When Google launched Android, Huawei was the first company to embrace it, Zhiqiang Xu, the new president of Huawei Device USA, told journalists at a June 3 event. "I met with [Google executive] Andy Rubin several times to get the project done," Xu added.
The detail was a way of making clear that while Huawei still needs to introduce itself to many Americans, and clear up some pronunciation issues around its name (pronounced "wah-way"), it's no stranger to the U.S. mobile marketplace, which it now plans to go after with vigor.
"This year, Huawei is ready to challenge the status quo by delivering premium experiences, well-made and well-priced devices in a totally new way," said Xu (pronounced "shoo").
On June 12, Huawei began taking orders for the Ascend Mate2 4G, a phablet with a 6.1-inch IPS display covered in Corning Gorilla Glass 3.
It runs Android 4.3 (Jelly Bean), has a 13-megapixel rear camera and a 5-megapixel camera up-front, measures 6.3 by 3.3. by 0.4 inches and has a 3,900mAh battery that can last three days and be used to charge other devices.
The Ascend Mate2 LTE will ship a week after being ordered from a GMS-based Mobile Virtual Network Operator (MVNO) that Huawei wouldn't name, when it passed out the handsets at the June 3 event. (Journalists were told to use their own GSM SIM cards or stick to WiFi.)
Xu described the Mate2 as "not for everybody" and Huawei as "very happy to test the waters" in the U.S. e-commerce market.
"The environment of the States is good," he said. "It's more open to the end users being able to make their own choices."
Under the tag line, "Unlocked, Unlimited," Huawei intends to offer unlocked services, unlocked devices, "unlocked specials" and "premium customer support."
The unlocked, contract-free Ascend Mate2 4G will retail for a remarkably low $299. Consumers who preorder the device between June 12 and June 22 will receive a SIM card with a free month of service, a free protective case and a lifetime 20GB of online storage from Bitcasa.
Last year, Huawei shipped 52 million smartphones, said Xu, who announced at the press event that Huawei is officially walking away from the feature phone business.
"When we settled our business plan, we expected it would take a few years to be number three. But in two years, we're already there," said Xu. "But our dream is not to stay there. We can't beat [Apple],” he added, “but we think we can beat [Samsung]."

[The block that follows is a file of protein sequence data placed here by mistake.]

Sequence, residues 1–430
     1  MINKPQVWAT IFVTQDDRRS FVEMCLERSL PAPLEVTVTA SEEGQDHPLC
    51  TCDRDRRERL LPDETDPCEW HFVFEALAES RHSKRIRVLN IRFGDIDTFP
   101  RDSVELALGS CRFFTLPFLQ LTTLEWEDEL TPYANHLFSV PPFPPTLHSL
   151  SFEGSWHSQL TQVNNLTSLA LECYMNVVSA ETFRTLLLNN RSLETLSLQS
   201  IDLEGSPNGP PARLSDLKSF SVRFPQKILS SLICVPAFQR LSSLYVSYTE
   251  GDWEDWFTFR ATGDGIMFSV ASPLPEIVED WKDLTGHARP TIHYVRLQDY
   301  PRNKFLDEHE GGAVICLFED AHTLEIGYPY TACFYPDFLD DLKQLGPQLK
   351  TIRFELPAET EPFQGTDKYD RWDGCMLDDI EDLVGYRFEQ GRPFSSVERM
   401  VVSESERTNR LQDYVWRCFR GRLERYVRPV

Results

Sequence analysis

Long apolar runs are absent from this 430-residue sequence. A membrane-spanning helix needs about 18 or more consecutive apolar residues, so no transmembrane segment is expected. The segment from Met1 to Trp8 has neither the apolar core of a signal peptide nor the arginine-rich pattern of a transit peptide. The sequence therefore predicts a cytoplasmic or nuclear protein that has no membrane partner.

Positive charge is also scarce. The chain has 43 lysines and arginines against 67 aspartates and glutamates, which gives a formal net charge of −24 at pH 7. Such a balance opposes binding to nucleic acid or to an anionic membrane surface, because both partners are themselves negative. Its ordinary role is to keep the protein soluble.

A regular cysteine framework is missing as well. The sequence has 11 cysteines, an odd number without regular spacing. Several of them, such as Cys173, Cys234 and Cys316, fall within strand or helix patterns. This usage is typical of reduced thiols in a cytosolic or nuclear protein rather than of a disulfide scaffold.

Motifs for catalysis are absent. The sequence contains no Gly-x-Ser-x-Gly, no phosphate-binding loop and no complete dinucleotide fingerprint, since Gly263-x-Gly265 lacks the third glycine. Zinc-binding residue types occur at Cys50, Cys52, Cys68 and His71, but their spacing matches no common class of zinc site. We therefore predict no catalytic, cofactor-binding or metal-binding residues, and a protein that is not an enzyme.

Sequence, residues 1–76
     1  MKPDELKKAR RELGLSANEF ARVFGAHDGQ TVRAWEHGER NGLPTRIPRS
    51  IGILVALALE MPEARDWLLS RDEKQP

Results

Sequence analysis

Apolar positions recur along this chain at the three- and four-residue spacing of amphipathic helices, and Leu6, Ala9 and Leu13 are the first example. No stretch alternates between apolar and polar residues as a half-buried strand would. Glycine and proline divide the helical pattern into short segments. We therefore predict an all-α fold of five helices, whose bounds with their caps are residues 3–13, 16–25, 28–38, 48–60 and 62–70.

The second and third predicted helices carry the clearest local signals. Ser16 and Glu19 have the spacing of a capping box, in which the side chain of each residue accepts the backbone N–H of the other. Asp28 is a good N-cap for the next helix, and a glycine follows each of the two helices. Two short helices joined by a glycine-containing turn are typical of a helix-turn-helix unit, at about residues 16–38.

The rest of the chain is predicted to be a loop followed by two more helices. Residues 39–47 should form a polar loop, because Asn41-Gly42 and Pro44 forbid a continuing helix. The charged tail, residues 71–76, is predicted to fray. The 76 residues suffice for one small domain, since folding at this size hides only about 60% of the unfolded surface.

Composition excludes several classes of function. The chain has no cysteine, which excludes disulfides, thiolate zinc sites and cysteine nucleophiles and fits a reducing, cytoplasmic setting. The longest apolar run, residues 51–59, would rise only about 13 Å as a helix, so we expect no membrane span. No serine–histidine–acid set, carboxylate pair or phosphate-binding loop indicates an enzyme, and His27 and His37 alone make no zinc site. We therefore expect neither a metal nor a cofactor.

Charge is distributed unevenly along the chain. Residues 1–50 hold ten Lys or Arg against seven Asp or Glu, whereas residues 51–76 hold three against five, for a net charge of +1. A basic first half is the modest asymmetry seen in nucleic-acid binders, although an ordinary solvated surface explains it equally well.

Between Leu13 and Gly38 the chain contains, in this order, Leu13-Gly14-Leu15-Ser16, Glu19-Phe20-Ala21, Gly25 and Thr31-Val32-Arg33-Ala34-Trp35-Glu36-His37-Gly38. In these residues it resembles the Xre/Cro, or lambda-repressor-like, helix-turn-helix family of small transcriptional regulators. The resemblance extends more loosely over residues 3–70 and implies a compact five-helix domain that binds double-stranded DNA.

Between 2012 and 2013, Huawei's U.S. brand awareness rose from 9 percent to 22 percent, according to Xu; in China, Huawei's home turf, it increased from 32 percent to 69 percent.
Huawei's identity as a deeply Chinese brand may be the one thing known about it, by the few Americans who recognize the Huawei name. In 2012, the U.S. House Intelligence Committee warned American companies with ties to critical U.S. infrastructure not to purchase telecom equipment from Huawei. The brand was founded by a Chinese Army official, and the U.S. government has fears that its equipment could compromise U.S. national security.
(Documents leaked by Edward Snowden showed that the U.S. is itself spying on China.)
When asked whether there was any need to address the matter, as Huawei begins its big U.S. push, Xu said Huawei's device business is very much apart from the company's telecom equipment business and would say no more.
However, Bill Plummer, Huawei's vice president of external affairs, told eWeek, "Geo-politics has not been an issue in the consumer electronics space, as it is broadly understood that the industry relies on global and interdependent supply chains. For what it may be worth, this is actually the case in the infrastructure industry as well."
The key words that Xu intends to make U.S. consumers associate with Huawei include approachable, ambitious, progressive and innovative, he said at the press event.
"We are going to be a challenger for the benefits of end users," he added, referring to the lower price points Huawei plans to bring to the U.S. "I think end users are now paying for others companies' advertisements, and that's ridiculous."